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Dana

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As lr27 asked, what are you trying to achieve? Aerodynamically, there won't be much difference, as at the low Cl a tail sees a thin airfoil doesn't have much advantage over a flat plate. Structurally, a thicker airfoil can have an advantage over a thin flat section, but if you're just fairing out an existing structure that doesn't apply.
 

Eugene

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Is there any reason you wouldn't use the same materials as the wing uses, whatever those might be?

What's the purpose of the change, and what kind of aircraft is it? If there are many struts and wires, you might not notice much drag reduction.
Yes, 100% agree! Same approach should be used as we building small wing. I have friend who is up to speed on carbon fiber construction and he trying to convince me to built ribs and leading edges that way. It will be interesting blend of 19th and 21st century construction when it's done.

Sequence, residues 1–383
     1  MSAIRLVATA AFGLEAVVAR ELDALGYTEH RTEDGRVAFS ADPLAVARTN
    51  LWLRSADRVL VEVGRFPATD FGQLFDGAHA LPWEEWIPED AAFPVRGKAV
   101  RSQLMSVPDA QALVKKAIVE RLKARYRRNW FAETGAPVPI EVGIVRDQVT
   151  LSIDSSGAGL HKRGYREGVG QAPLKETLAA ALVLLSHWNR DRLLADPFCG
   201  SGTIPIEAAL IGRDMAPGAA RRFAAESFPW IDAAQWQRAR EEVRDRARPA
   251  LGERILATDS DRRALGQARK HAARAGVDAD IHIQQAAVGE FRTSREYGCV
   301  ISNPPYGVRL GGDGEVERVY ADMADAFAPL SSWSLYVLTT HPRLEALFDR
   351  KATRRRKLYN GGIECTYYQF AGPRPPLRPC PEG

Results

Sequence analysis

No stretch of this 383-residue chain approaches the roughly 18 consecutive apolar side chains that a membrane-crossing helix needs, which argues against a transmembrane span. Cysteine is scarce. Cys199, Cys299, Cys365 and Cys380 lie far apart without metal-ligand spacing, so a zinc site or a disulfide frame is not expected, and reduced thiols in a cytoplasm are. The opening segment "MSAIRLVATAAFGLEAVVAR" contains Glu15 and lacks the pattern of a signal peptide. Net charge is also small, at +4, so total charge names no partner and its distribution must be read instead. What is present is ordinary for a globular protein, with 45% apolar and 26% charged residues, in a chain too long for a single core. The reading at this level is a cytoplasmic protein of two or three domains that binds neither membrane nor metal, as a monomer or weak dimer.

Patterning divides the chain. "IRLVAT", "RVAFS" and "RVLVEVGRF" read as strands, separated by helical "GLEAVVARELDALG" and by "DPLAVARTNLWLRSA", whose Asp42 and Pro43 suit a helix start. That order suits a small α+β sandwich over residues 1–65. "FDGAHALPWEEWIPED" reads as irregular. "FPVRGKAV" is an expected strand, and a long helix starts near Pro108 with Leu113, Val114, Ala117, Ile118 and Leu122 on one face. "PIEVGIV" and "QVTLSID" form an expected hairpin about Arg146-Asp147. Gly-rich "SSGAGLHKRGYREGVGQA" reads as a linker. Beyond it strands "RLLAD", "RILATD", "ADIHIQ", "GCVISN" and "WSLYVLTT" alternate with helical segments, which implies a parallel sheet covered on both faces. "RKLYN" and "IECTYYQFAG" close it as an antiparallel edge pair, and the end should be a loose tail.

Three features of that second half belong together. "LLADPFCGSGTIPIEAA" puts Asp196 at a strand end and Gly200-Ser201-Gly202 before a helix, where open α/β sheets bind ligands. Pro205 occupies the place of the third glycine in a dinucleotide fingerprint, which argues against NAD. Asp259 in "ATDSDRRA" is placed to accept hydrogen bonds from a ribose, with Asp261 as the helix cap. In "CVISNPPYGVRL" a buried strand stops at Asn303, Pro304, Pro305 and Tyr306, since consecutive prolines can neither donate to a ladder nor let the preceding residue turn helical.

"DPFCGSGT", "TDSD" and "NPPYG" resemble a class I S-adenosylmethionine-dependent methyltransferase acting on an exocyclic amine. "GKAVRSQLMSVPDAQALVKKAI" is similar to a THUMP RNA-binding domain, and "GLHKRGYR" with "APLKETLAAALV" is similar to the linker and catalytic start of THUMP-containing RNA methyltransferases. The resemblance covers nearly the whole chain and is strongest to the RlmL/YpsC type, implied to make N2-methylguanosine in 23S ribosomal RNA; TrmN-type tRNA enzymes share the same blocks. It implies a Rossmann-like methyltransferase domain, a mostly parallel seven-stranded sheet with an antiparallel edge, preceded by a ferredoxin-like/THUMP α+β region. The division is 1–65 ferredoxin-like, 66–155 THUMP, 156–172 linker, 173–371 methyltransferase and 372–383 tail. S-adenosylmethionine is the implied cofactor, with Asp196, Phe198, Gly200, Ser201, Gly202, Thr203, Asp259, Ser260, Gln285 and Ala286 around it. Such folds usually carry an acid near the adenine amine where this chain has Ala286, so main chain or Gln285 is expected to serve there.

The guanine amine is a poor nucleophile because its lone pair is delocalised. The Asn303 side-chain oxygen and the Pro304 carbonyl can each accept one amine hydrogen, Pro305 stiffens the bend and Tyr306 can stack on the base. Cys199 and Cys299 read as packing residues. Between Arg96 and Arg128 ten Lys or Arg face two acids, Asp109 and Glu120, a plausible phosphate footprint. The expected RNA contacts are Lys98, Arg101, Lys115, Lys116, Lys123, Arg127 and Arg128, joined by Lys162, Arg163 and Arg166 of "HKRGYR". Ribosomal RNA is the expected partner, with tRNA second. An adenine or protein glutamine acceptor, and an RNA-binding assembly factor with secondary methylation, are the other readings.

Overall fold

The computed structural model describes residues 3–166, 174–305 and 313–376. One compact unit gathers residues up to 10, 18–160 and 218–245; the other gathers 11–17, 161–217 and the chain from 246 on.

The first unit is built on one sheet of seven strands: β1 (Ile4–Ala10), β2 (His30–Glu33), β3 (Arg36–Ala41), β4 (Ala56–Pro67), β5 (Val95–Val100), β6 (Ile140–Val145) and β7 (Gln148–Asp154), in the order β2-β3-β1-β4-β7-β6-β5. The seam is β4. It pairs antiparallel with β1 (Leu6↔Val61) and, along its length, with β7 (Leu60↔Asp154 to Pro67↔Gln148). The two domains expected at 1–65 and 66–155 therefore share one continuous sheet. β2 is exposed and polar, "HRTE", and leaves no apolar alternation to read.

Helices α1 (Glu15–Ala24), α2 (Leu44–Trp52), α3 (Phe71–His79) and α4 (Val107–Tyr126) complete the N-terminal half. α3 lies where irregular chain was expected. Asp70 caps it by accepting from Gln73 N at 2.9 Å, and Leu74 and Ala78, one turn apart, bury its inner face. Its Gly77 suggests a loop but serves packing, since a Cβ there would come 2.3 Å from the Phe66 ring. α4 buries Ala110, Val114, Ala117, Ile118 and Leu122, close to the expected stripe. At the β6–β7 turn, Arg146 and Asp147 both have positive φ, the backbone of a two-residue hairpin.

Drag is not my problem and if I will get any reduction at all, it will be very small.

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Skyboy was designed as 50 HP ultralight with original stabilizer incidence of 3° and horizontal tail volume of only Vh=0.34. During German certification angle on stabilizer was increased to 5.7°. Center of drag was lower in real life and forward piching moment was greater than was predicted. Result of open engine and abrupt ending of rear fuselage. For American market 100HP engines was used = larger moment, but nothing was done on horizontal tail!!! In normal 75% power cruise tail is up and working very hard at 8° angle with all kinds of buffering on control handle. Aircraft can not be trimmed for level flight and hunting up and down by 300-500 ft apart. And aircraft with passenger feels like filled with lead.